Have the Last Laugh On Me! Tickets are selling well as a play shortlisted for a Channel 4 Comedy Award makes its debut at the Camden Fringe Festival. The Bridge Magazine interviews its award-winning writer, John Hill.
John Hill’s Edinburgh Fringe debut received a rave review and now his 60-minute comedy play, How Does That Make You Feel?, comes to the Lion and Unicorn Theatre as part of the Camden Fringe Festival.
How Does That Make You Feel? Is an unmissable performance for summer 2016, a one hour play based on a true story, by award-winning writer John Hill.
On Thursday 11th August 2016, when asked what motivated him in particular after splitting from his fiancée who had fallen in love with the counsellor, Hill replied: “They say good comedy comes from pain and misery – so I guess I’ve just been lucky.”
Do you have what it takes to write a successful piece based on your misfortune? John Hill has. The plot is about a doting husband who, on discovering his wife is going to relationship counselling, insists on being part of the solution, unaware he’s all of the problem.
The story was inspired by the writer’s experiences of couples’ therapy: he went to sessions only to watch his partner’s growing infatuation with the counsellor destroy their relationship. The play started life as a shorter piece and has since been developed and destruction-tested in festivals and productions across London and the UK.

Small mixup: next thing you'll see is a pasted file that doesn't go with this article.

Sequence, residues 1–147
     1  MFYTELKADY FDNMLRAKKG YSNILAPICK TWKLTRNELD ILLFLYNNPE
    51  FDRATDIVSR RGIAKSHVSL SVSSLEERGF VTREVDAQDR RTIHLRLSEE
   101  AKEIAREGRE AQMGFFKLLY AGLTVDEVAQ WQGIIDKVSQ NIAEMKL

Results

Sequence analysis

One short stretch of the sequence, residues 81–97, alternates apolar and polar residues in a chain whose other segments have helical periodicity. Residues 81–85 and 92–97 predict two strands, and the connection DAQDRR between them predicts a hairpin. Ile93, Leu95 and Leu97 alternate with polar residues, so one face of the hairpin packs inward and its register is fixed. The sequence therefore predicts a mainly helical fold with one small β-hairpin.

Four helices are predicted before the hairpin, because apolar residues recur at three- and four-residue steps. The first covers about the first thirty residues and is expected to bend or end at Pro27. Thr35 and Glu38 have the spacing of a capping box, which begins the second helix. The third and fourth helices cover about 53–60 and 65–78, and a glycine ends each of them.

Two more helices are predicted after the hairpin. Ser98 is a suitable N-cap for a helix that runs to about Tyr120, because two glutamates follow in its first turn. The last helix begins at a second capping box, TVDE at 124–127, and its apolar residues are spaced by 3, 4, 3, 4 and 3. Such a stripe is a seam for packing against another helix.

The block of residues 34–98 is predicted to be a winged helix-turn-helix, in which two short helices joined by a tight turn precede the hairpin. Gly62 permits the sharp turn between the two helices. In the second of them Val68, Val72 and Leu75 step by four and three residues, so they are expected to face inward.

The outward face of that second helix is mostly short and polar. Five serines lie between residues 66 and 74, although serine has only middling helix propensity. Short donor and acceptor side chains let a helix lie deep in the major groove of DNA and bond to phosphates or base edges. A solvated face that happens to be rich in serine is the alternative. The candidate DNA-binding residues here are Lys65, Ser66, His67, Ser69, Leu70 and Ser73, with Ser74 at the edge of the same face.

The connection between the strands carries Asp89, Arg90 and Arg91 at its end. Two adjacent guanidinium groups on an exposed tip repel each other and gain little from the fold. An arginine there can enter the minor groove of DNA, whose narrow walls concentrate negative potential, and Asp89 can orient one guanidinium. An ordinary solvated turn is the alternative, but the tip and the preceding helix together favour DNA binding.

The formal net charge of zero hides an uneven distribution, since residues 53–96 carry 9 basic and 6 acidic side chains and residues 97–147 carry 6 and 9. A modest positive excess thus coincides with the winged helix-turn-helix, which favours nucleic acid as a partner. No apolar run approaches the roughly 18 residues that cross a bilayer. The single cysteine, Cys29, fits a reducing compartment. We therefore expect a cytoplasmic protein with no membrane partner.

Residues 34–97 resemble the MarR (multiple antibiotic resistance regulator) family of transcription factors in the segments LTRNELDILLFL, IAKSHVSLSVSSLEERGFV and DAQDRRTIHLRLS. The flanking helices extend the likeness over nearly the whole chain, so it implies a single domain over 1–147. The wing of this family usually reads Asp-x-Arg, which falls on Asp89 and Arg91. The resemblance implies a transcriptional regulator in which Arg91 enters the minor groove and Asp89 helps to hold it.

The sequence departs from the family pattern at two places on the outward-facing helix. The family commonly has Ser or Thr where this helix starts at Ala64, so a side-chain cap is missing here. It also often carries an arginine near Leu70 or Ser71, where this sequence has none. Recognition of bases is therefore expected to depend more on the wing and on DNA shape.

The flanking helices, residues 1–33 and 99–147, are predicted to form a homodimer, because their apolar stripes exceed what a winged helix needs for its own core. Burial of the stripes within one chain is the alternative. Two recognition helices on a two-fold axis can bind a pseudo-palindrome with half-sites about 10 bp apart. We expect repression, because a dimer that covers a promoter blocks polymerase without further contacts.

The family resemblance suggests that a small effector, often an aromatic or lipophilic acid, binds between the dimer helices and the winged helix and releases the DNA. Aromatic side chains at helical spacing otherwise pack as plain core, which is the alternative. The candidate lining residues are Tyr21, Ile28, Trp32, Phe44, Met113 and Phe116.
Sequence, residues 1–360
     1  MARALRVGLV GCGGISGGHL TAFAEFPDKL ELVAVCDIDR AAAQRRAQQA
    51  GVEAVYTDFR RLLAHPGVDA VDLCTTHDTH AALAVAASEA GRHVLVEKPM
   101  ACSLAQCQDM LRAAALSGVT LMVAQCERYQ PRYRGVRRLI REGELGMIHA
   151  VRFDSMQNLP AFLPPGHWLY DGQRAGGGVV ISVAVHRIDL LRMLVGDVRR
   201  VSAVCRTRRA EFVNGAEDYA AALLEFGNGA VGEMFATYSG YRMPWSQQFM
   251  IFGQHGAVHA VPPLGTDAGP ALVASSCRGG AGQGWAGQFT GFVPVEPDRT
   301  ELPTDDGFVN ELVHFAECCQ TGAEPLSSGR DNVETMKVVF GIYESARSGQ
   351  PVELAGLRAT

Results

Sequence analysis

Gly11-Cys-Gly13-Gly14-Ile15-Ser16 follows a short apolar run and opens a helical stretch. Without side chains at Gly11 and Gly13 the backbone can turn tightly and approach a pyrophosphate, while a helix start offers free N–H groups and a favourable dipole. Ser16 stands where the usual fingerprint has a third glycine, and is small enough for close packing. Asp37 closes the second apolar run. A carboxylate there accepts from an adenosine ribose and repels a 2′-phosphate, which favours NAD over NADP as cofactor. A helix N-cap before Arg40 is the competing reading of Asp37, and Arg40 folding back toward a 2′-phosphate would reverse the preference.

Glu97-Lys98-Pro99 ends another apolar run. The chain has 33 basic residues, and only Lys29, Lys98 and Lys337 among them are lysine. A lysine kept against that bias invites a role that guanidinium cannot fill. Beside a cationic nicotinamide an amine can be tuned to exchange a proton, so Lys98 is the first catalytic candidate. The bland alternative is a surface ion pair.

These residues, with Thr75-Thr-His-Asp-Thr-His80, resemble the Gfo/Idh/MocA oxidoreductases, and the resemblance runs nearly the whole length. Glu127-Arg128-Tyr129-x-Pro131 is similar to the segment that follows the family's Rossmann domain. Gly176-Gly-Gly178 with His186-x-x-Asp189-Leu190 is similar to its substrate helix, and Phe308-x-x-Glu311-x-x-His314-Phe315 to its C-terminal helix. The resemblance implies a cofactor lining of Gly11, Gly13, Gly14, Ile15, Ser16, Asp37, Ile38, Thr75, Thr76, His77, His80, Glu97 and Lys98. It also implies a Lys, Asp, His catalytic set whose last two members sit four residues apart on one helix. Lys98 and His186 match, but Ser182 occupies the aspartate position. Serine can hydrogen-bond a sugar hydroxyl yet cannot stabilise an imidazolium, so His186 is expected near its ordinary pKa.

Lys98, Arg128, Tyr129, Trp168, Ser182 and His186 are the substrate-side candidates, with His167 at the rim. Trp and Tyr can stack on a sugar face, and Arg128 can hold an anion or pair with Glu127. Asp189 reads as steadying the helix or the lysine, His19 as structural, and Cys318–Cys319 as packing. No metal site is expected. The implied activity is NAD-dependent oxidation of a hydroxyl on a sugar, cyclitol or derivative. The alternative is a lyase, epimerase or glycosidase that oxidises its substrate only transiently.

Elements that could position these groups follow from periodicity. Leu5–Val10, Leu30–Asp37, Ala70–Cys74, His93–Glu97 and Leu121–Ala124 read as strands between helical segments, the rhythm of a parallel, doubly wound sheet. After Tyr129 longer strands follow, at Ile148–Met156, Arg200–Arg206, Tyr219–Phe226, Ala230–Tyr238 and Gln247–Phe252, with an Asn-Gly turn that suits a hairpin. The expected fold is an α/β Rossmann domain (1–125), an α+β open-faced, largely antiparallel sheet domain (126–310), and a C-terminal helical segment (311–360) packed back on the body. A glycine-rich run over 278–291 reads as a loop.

Best known as a travel, greetings card and comedy writer, Hill has penned several sitcoms, films and plays such as Blood Match, We Need To Talk About Clive, and Instructions Not Included, as well as being an author and a journalist.
John has IMDB -International Movie Database – it’s a database of who does what on films and TV programmes credits for TV sitcoms; his Edinburgh Fringe debut got a 5-star review, and his first feature film script came second in the Reddit Screenwriting Contest.
Tall, athletic and elegant, John Hill speaks with a deep and convincing voice. He appears to be a reserved, calm and thoughtful person. He is not an open book. No matter how adept at reading body language one might be, Hill presents something of an enigma. However, he will invite you into his world in glimpses as he flashes his beautiful gap-toothed smile.
According to Mike Corke in his article entitled “Sitcom, why audiences laugh” published in The British Comedy Guide
“Comedy brings balance and provides interesting elements for wider audiences, allowing a larger number of people, with different views of the world, to identify in their own way with what’s going on.”
1- Talking about How Does That Makes You Feel? in particular, what do you think could fascinate and move the audience?
Character drives everything, so you try to create believable characters that the audience will care about, and identify with to some degree. And in the process you hope that you can generate a lot of humour following their story.
2- The play is based on true story, your story. You have had a near-death experience; making the decision to put it into a play to convey a message sounds a little like self-therapy. Where do you draw your strength from?